In our series, almost half (46.2%) of the patients came from their home, 42.3% from the Urban Health Center/Clinic, 11.5% from neurological consultations while 53.8% arrived in a clinic. care within the first three hours. The majority of patients (57.7%) were admitted to the neurology department 24 hours after the first signs appeared. The main risk factor was alcohol (80.8%), followed by hypertension (61.5%) and tobacco (50%) (Table 2). The main functional signs were motor deficit (100%), headache (65.4%) and language impairment (34.6%), these signs appeared in 38.46% of cases upon waking. Physical signs were dominated by hemiplegia/hemiparesis (100%), aphasia (62.9%) and impaired consciousness (19.2%).

Paraclinically, we recorded 73.08% of DALYs, 57.7% of cases of LVH, hyperglycemia in 35.3% of cases, cases of anemia (29.4%) and an inflammatory syndrome organic in 25% of cases. On the evolutionary level, the lethality was 20.08% of the cases. The sequelae were observed in 69.20% of cases and consisted of hemiparesis and 92.3% of cases spent less than 20 days in hospital. During this study, we found that a vigilance disorder (p < 0.01) or even a coma (p < 0.01) significantly oriented towards AVCH. Patients admitted to hospital beyond 6 a.m. and those with high initial Blood Pressure (BP) had a higher risk of death. (Table 3)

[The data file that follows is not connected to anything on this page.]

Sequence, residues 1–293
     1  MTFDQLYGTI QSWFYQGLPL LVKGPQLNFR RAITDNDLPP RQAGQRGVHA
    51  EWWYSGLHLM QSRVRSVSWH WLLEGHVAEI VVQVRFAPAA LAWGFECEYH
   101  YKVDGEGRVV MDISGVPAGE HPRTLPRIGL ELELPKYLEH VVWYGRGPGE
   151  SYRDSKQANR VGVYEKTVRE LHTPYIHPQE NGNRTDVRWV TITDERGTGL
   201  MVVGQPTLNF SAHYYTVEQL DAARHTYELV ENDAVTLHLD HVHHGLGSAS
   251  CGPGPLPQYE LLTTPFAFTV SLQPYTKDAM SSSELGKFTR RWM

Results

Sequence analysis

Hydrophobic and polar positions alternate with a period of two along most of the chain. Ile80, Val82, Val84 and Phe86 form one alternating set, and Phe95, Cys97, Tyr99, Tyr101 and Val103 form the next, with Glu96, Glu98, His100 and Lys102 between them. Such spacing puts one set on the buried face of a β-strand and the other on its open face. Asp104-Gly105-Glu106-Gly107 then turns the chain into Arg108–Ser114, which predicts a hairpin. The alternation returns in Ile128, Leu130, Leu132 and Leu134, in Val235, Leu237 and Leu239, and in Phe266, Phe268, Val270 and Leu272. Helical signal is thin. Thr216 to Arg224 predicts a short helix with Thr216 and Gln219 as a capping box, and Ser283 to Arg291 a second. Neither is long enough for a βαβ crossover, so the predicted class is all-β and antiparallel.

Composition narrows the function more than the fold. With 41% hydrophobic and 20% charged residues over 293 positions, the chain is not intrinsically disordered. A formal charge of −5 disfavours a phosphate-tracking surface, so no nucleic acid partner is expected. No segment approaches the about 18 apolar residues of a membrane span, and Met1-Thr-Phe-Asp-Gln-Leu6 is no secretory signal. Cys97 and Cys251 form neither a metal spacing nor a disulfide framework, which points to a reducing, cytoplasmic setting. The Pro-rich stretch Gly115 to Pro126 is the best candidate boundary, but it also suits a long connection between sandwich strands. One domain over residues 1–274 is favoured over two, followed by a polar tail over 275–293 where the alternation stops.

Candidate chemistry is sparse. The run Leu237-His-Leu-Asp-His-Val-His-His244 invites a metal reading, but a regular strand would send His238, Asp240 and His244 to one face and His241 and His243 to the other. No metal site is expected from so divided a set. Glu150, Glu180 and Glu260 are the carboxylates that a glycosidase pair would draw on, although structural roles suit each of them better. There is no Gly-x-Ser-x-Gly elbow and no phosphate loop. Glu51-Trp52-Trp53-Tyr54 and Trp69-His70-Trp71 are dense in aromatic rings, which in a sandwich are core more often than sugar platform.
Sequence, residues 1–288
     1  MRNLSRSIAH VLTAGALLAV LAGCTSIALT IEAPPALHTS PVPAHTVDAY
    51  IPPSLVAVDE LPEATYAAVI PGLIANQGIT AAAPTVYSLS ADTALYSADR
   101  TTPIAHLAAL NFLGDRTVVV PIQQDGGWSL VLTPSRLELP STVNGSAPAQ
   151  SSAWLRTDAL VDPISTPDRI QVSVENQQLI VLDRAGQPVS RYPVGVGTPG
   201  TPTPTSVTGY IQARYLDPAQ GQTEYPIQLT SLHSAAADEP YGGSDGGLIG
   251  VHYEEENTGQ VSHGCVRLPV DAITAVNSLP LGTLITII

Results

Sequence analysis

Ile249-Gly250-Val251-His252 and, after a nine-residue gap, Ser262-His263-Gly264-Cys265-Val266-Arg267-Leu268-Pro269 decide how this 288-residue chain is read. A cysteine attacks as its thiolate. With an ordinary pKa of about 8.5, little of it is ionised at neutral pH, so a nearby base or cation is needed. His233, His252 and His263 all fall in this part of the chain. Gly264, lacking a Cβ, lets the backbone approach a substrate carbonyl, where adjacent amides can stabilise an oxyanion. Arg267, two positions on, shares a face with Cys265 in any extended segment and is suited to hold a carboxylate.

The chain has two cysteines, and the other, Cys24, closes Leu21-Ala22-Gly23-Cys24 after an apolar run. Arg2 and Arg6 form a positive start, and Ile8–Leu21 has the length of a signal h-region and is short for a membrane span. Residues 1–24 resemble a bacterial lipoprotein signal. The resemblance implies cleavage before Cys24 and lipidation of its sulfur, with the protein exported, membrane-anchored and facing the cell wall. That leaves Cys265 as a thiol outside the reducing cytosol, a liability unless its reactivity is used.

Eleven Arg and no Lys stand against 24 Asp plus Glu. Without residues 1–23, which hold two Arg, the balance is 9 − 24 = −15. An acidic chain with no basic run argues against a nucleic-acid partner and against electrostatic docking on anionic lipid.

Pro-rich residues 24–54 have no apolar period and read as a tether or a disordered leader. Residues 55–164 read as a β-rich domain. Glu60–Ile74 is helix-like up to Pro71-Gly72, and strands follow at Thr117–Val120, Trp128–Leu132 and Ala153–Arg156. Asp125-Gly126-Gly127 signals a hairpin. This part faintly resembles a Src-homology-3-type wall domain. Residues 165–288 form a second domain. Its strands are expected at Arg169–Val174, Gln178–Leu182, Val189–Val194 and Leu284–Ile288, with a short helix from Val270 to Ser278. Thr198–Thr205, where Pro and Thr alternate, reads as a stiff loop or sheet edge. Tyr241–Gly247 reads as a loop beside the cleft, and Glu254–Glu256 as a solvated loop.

The prevalence of stroke in the young subject during our study was 10.32%. This result is similar to that reported in Lome 10.8%) in Togo [7]. However, our result is lower than that reported in Douala, Cameroon (15.26%) in a prospective study conducted over a period of 05 years in subjects aged 15 to 45 years [8]. Likewise Brett, et al. found in a study carried out in Kentucky (Eastern USA) that the proportion of strokes increased from 12.9% in 1993/1994 to 18.6% in 2005 in subjects aged 20 to 54 years [9]. This difference could be explained by better detection of strokes thanks to the generalization of MRI in the USA, and the contribution of CT in the diagnosis of strokes in Cameroon; whereas in our context, given the inadequacy of the technical platform (lack of brain imaging), some cases of stroke would be taken for other pathologies. Furthermore, this discrepancy is also linked to the fact that racial and ethnic composition is a widely recognized component in the variability of the incidence of stroke, especially in the young population [10]. In the Central African Republic, we do not have previous data on the prevalence of stroke in young people in order to describe the progression of this pathology. Although the prevalence found during our study is low compared to the data in the literature, we can evoke the epidemiological transition in which the stroke is no longer the preserve of old age. This corroborates the data of Bejot, et al. who have shown that the incidence of stroke in the young population increases over time [11].